A 6.4-magnitude earthquake jolted southern Taiwan at 8:18am yesterday, damaging houses, cutting power supplies and disrupting the nation’s transportation systems.
No fatalities have been reported, although 64 people were injured, mainly by falling objects.
Central Weather Bureau (CWB) statistics showed that the epicenter of the quake was 17km southeast of the bureau’s observation center in Jiasian Township (甲仙), Kaohsiung County, at a depth of 5km.
The temblor was felt nationwide, with the highest intensity — 6 on the Richter Scale — detected in Nansi (楠西), Tainan County, and Dapu (大埔), Chiayi County.
The intensity of the quake was 5 in Jiasian and 4 in Taitung, Changhua, Kaohsiung and Yunlin counties. The force of the earthquake was the equivalent of about two atomic bombs, the bureau said.
Dozens of aftershocks were felt later, including a 5.7-magnitude tremor about the same location at 4:16pm, at a depth of 16.6km. Historical records showed that the 6.4 temblor was the strongest to hit the region since 1902.
PHOTO: NICKY LOH, REUTERS
The epicenter was just a few kilometers from Siaolin Village (小林), which was wiped out and where about 500 people were killed by landslides following Typhoon Morakot in August.
The earthquake triggered a minor landslide in Guanshan Village (關山) next to Siaolin. No injuries were reported as all residents in the area were relocated following Morakot.
In nearby Shanlin Township (杉林), however, a traditional brick house collapsed after the quake, with 85-year-old owner Chang Yu-mei (張有妹) narrowly escaping injury.
“I was sitting in the living room watching TV alone when the earthquake struck. The earth suddenly began shaking — it was very scary,” Chang told the Chinese-language United Evening News.
Chang said she ran out of the house after hearing a weird sound coming from the roof.
“As soon as I got out, the roof collapsed,” she was quoted as saying.
A 4m crack appeared on a wall of the recently built Liouguei Township (六龜) Office and several lamps fell from the ceiling.
Damage to buildings was reported in Tainan, Pingtung and Chiayi counties.
The Gaomei Bridge (高美大橋) in Gaoshu (高樹) cracked and was closed to traffic. In Yujing Township (玉井), Tainan County, pillars were so severely damaged at Yujing Junior High School that school officials declared some classrooms off-limits. Officials said some classes could be relocated to a school nearby.
A 15m crack appeared on top of the Hutoupi Reservoir (虎頭埤水庫) in Tainan County. At press time, specialists were still assessing the damage.
In Kaohsiung City, the MRT system suspended service from 8:19am to 10:47am to perform safety checks.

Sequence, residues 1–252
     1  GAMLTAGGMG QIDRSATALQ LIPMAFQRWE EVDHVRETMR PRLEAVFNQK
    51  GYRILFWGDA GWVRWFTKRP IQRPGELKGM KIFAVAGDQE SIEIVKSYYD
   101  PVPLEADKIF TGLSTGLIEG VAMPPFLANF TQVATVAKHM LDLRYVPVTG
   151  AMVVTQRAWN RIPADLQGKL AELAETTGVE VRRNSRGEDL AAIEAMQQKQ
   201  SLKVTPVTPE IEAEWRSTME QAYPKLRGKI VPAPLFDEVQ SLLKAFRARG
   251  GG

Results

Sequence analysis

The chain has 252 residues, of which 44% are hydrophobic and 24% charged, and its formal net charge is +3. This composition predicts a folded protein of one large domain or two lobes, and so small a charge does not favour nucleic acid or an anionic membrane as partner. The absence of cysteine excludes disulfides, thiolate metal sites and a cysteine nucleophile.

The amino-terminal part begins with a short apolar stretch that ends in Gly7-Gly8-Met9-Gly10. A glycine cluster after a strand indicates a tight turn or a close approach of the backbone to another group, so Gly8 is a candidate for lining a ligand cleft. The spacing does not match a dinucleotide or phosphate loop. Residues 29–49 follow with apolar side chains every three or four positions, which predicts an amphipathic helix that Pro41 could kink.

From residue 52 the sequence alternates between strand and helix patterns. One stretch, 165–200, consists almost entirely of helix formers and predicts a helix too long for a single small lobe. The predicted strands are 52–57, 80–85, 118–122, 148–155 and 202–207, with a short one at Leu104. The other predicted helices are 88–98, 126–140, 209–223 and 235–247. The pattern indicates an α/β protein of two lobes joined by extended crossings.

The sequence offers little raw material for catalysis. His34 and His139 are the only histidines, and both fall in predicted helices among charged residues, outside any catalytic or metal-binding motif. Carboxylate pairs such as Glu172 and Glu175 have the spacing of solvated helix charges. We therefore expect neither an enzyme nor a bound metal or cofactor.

Those who entered or exited stations between 8:19am and 10:47am will have seven days to apply for a refund at service desks, the operator said.
Six high speed rail trains were stopped and about 2,400 passengers had to evacuate the trains. They walked along the elevated tracks and boarded buses provided by Taiwan High Speed Rail Corp (THSRC).
THSRC canceled services between Taichung and Zuoying (左營) yesterday to inspect the tracks for damage, with the Taiwan Railway Administration (TRA) increasing the number of trains traveling to Zuoying to make up for the suspension of the high speed rail service.
Democratic Progressive Party Legislator Huang Wei-cher (黃偉哲) was aboard train No. 110 from Zouying to Taipei and was trapped inside for more than two hours after it stopped in Sinshih Township (新市), Tainan County.
“There was no air-conditioning in the train, it was very hot inside and we were only allowed to leave the train after two-and-a-half hours,” Huang said.
“There were many elderly or physically impaired passengers on board, but we were asked to walk along the track and when we finally reached the location where we boarded a shuttle bus, we had to wait for a long time before the bus arrived,” he said.
“Had this been an exercise, Taiwan High Speed Rail would have failed,” Huang said.
The TRA also found minor damage on two railway bridges. Trains operating on these two sections had to slow down to 40kph.
The Civil Aeronautics Administration requested that the three domestic airlines increase their flights to Chiayi, Tainan and Kaohsiung yesterday and today.
THSRC said that operations were scheduled to resume today.
The CWB initially said the earthquake was caused by the dislocation of the fault in Chaojhou (潮州斷層), one of the main faults in the Kaohsiung area. Later it said that based on the data it had gathered, it could not tell with certainty that the fault was the cause.
Aside from Chaojhou, Kaohsiung also has the Liouguei (六龜) and Cishan (旗山) faults. The epicenter of the earthquake was only 8km from the Chaojhou fault and about 20km from the other two faults.
ADDITIONAL REPORTING BY VINCENT Y. CHAO
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